For Whom The Bell Tolls

by: Ernest Hemingway

Chapters Eighteen–Twenty

Analysis: Chapters Eighteen–Twenty

The merry-go-round image that Robert Jordan uses to describe his frustrations with Pablo is just one of many cyclical structures in For Whom the Bell Tolls. One critic has called this merry-go-round “the wheel of human conflict.” The novel as a whole follows a circular path. As we see in the final chapter, the story ends in the forest where it began, with Robert Jordan lying on the pine needle-covered ground, watching and waiting. The novel marks a cycle in Robert Jordan’s life—a fact Robert Jordan calls attention to in his musings that he’s living the whole of his life in the three days portrayed in the novel. Indeed, a circle is a particularly apt shape to symbolize many of the novel’s events. Robert Jordan’s encounters with Maria, for instance, follow a cyclical pattern—they come together at night and part during the day. The circle also describes the structure of many natural phenomena observed in the novel, such as the movement of the earth during the course of a day and the falling and melting of late-May snow. The merry-go-round image represents a literal version of these cycles that run throughout in the novel.

Robert Jordan’s memories of Madrid, especially the incident with the British economist Mitchell, illustrate Robert Jordan’s inner tension between abstract theories and concrete action. Robert Jordan was rude when Mitchell asked for information about the war because Mitchell, busy with his theories far from the difficult physical realities of the war, couldn’t possibly have had any conception of what the true experience of the war was like. In contrast, Robert Jordan, just before the conversation with Mitchell, had abandoned one dead man in order to save another wounded man. The contrast between Robert Jordan’s competent actions backed by difficult moral decisions—abandoning one man’s body in order to help another—and the economist’s detached, academic interest is jarring. This incident illustrates that, at heart, Robert Jordan is a man of action, even if he often gets stuck in thinking about theories. In his impatience with Mitchell and his rejection of Karkov’s suggestion that he read up on philosophy, Robert Jordan shows that he favors action over theory. We see this trait grow in Robert Jordan as the story progresses, and it is a major part of the development of his character over the course of the novel.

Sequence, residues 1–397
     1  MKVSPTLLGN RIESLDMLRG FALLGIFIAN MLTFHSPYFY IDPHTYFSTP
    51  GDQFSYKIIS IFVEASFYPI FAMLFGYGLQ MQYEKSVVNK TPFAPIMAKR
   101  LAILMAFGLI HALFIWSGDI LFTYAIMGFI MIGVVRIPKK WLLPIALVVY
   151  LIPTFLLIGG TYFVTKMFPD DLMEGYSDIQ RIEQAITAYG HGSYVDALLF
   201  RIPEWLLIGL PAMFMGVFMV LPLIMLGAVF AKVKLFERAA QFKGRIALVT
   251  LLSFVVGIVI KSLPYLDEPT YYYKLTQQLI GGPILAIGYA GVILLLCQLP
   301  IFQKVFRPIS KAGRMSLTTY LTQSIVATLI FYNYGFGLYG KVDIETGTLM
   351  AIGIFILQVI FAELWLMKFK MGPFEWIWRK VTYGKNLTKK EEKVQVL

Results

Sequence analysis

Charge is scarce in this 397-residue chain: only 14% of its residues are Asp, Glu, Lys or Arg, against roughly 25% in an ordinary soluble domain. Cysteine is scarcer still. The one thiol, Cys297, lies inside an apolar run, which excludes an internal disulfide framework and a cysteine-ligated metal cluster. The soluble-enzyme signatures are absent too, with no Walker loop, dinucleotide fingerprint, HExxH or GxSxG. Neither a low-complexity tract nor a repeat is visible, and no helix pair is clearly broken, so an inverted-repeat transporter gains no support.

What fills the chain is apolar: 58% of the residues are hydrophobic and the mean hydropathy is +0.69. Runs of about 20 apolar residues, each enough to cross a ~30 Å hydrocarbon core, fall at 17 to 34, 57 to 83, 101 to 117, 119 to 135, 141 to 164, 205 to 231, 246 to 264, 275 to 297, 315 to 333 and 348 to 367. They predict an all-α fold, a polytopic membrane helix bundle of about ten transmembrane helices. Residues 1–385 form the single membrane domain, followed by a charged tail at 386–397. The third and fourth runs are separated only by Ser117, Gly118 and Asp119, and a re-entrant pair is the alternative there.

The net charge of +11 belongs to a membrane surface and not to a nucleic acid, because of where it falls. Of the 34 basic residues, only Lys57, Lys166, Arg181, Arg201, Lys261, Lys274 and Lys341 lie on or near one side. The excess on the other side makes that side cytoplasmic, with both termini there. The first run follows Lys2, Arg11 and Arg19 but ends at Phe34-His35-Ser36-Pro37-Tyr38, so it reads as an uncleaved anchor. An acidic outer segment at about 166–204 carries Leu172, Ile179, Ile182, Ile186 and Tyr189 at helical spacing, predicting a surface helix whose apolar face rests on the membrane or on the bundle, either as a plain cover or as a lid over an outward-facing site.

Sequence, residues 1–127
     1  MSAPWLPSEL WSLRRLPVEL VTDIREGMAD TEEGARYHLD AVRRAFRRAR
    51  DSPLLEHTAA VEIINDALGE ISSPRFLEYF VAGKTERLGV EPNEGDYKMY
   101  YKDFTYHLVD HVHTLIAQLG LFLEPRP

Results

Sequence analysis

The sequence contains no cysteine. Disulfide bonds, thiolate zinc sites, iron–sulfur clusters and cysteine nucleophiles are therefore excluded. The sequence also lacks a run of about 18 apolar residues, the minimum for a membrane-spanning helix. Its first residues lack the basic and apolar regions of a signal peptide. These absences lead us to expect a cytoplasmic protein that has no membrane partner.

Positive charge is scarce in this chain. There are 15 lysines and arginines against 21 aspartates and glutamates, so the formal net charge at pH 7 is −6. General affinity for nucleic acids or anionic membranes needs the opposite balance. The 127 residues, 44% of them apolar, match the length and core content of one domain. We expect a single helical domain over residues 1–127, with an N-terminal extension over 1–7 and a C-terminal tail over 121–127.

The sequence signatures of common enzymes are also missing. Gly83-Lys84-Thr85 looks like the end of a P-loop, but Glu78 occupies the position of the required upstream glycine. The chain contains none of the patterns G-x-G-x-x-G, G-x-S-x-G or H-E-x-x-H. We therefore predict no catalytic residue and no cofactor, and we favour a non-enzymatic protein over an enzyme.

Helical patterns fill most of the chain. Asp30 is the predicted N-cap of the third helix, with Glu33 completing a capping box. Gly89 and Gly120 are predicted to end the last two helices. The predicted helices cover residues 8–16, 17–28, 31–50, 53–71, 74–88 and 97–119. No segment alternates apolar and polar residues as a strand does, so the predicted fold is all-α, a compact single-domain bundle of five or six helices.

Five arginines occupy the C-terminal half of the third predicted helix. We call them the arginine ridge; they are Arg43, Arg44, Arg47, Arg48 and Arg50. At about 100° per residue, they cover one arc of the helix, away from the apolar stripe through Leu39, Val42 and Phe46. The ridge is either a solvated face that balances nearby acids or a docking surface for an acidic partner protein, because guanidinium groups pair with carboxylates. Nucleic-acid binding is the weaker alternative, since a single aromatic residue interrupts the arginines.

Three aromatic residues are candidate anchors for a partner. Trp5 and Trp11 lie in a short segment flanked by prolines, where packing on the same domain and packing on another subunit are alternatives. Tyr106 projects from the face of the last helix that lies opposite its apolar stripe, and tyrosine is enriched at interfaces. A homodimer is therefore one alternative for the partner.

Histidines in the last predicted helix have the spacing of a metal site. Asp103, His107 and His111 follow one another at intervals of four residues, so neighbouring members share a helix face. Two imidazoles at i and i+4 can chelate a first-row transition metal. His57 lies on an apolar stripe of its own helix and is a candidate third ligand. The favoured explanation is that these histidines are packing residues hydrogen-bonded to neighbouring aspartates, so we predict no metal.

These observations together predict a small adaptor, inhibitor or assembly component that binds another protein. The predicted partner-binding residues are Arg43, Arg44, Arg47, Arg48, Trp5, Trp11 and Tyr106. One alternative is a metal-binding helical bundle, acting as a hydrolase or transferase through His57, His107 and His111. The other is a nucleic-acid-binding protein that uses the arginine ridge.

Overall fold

The conversation about the smell of death gives the novel an air of belonging to an older, earthier, pre-Christian time, when people believed the natural cycles of life to have mystical powers. In Pilar’s graphic description, the ingredients for the smell of death all relate to primordial human experiences: nausea, fear of death, killing, the decay of beauty, and sex. Pilar says that the final ingredient contains “the smell that is both the death and birth of man”—experiences shared by all humans. Just like her earlier belief in palm-reading and the movement of the earth, Pilar’s belief in a particular smell associated with death ties her to that older, pagan world. Also, many cultural traditions consider women to be more engaged with nature and its mysterious processes, at least in part because of their ability to give birth. Hemingway establishes these connections with nature in order to set up a framework for interpreting the development of Robert Jordan’s character. In the growth of his relationship with Maria and in his acceptance of Pilar’s gypsy superstitions, Robert Jordan turns away from the constraints imposed by modern society and moves toward nature and natural values.